Diffusors vs. absorbers room treatment

Hello experts,
I'm trying to toy with room treatments to see how it will improve my system. I just moved my system upstairs to a smaller room and I notice the sound is a little brighter than I would like. Can anyone tell me a basic or rule of thumb on where to use the diffusor and where to use te absorber? Or are they pretty much the same thing? I visited few website from like sonex, auralex, rpg etc. I am thinking about getting sonex classic since I thought they're pretty reasonably priced. Can anyone also recommend me some other that are not toooo expensive? My room is 14' wide by 13' deep. I place my sonus grand piano speakers about 2' from walls. Thanks in advance.
Give Mike a call at Echobusters.com
He will be able to help you with the rooms musical properties to identify the proper tuning pieces for you.
Let him know you were referred by Joe at
Custom Audio... he should give you a better price!!
I am using a pair of the new Phase 4 diffusers and
4 echo busters that hang on the wall.
Good luck,
Custom Audio LLC
Heeengky, Absorbers and diffusers are not the same thing. They are as there names imply. Typically, absorbers should be placed at first points of reflection. Side and back walls are the rule of thumb (even ceiling). Diffusers are usually behind the listening position and deflect the sound waves in various ways. However, I suggest absorbers behind the listening position if very close to the back wall. The idea is to cancel reflections and modes but not over-deaden the room. There's a ton of information available on how to figure placement with mirrors, lights, test cd's, electronics, mics, and your own trusty ears so I won't go into details here. Don't overlook the corners where bass modes accumilate and are potentially the most harmful to your sound. I'd even suggest you start there. ASC and Echo-Busters are very effective and attractive. You can find them here on the Agon occaisionally at good prices, but they are $$$ new. There are many ways to treat your room that are not exspensive. Do the research and learn how sound waves interact with your listening room before you spend any $$$. The education is worth it. Hope this helps and good luck, Dave
Look here for some good info and DIY recipes:

Here's some bedtime reading:

I'm using a TacT RCS 2.0 in my 10' X 17' X 8' room with
excellent results, and minimal diffusion (three
Room Lens clones I built). The TacT allows precise
diagnosis and minimizing of the room nodes, particularly
bass nodes) which are the most harmful to sound quality.
It made a remarkable improvement in my less-than-ideal
sound room.
I agree with the above post as far as placement of absorbers. I've got wall treatments on the sides, rear wall and on the ceiling of my listening room. Many experts will say that diffusors should be placed in the rear of the room and are used to expand your room as they spread out the sound. You really have to experiment to see what suits your room the best. I am using Argent Room Lens clones and CD racks at the rear corners of my room to act as diffusors. Moving the room lenses as little as a couple of inches makes a difference in your soundstage. I've placed the room lenses at the mirror image points to the sides of my speakers and behind each left and right speaker. Both absorbers and lenses are DIY following John Risch's on-line instuctions. You can see pics of my room if you look at my "system".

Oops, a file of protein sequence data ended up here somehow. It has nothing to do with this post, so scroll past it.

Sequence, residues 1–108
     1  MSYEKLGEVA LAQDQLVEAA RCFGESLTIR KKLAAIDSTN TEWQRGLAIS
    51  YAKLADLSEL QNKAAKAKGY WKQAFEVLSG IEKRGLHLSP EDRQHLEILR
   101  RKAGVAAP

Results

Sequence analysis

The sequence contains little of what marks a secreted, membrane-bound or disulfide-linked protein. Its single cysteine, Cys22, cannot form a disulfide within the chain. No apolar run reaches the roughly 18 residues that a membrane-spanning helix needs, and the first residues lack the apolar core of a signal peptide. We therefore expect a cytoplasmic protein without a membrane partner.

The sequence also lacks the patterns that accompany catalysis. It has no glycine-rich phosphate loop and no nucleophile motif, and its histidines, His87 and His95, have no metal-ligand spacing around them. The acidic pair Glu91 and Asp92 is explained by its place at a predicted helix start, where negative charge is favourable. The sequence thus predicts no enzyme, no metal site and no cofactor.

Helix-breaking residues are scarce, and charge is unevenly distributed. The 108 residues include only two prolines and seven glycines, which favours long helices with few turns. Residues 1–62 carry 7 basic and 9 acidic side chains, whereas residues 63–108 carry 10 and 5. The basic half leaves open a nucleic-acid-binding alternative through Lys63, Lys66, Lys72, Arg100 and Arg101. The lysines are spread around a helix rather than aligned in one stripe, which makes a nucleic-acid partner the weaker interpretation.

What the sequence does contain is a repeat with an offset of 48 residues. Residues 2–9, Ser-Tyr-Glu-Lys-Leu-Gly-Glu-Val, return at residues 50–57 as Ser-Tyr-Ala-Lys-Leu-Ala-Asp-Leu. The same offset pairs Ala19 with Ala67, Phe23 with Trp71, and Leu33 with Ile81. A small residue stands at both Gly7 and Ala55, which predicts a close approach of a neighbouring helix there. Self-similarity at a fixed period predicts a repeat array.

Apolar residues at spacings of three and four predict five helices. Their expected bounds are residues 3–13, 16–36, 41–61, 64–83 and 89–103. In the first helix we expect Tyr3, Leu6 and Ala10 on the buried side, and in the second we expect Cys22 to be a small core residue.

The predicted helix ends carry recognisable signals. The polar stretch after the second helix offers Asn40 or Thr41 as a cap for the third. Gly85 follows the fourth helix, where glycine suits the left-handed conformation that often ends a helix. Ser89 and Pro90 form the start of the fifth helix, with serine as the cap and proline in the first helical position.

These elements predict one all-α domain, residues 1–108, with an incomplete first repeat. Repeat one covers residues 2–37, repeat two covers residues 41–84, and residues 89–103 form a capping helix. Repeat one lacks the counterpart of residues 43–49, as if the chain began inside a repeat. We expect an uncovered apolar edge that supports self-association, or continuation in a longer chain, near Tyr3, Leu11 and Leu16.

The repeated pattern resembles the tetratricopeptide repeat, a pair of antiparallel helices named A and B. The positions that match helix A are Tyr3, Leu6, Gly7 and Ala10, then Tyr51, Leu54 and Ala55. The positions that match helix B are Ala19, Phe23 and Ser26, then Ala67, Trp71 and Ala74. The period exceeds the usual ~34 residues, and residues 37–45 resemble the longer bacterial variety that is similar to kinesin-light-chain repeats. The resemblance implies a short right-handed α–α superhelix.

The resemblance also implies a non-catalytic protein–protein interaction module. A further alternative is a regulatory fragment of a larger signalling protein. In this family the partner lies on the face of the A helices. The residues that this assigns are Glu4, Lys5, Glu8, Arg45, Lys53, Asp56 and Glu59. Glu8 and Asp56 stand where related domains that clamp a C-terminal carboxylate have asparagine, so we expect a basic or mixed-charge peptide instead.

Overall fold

I like the link Psychicanimal posted. I loved the comment--"with all the complexities of room acoustics it's no wonder I spent my money on a power cord" (or something like that). It is so true! I read this original posting earlier and wanted to point out the complexities--but the problem with that is that it just makes people avoid the room issue altogether, which is the worst thing you can do. We offer services that engineer the entire room without having to go the trial and error route. We also do not sell acoustical treatment--thus there is no incentive for us to tell people to buy something they don't need--in fact most of our designs are more like the John Rische pages (being true designs that can be built), but sometimes people want things that can be simply bought. That being said, we also understand that not everyone can or is willing to pay for a service. Let's face it--you don't get a fancy item in a fancy box--it's all designs. But still our goal is the room. We firmly believe that the room is so often ignored in favor of power cords and other things that have such a small effect on the sound relative to a well designed room or acoustical treatment of room.

Now I'll get off my biased soap box and say for the DIY people--don't be afraid to work on it and try things. How many cables have you tried? How many components? Think of how many things you've done to your system that didn't work out? Guess what--when you get into room acoustics--the same thing will happen. You will try some things and they won't work--but you'll try some other things and they will. Keep in mind--like system synergy the same is true for room acoustics. If you change one thing--it affects others and so sometimes the path to the best sound isn't that clear. For some people they want to get to the end point quickly and relatively painlessly--or they are willing to invest substantially in construction costs in building a dedicated listening rooms. In either of these cases it's crazy to try the trial and error process--you will be frustrated, confused, and possibly out a lot of money without too much to show for it. However, if you are the audiophile that likes to tinker, tweak, try things and see for yourself what the results are--by all means--do it! Some of these links above are great. There are also some books by Alton Everest (Master Handbook of Acoustics and Studio on a budget) that are very good. Most acoustical treatments can be built yourself for little money if you are reasonably handy. The real trick is knowing what to use, where and how much, so that everything works together. For example, every material has a particular bandwidth for both absorption and diffusion. You need to know these to calculate how the room will react with a certain amount of certain material. Some of these calculations are complex--some are very basic. But there are some basic principles that almost always work. Have some absorption on the first reflection points (owens corning 703 wrapped fiber board works well and has a better bandwidth than most foam products), have diffusion behind the listener. If everyone just started there it would be a huge improvement over doing nothing. Then over time, read more, learn more, and listen more. You can hear the difference of every type of absorber and diffusor and just by moving these throughout the room you will learn their effects. This is not a short process--but can be a fun one--if you like doing things like this.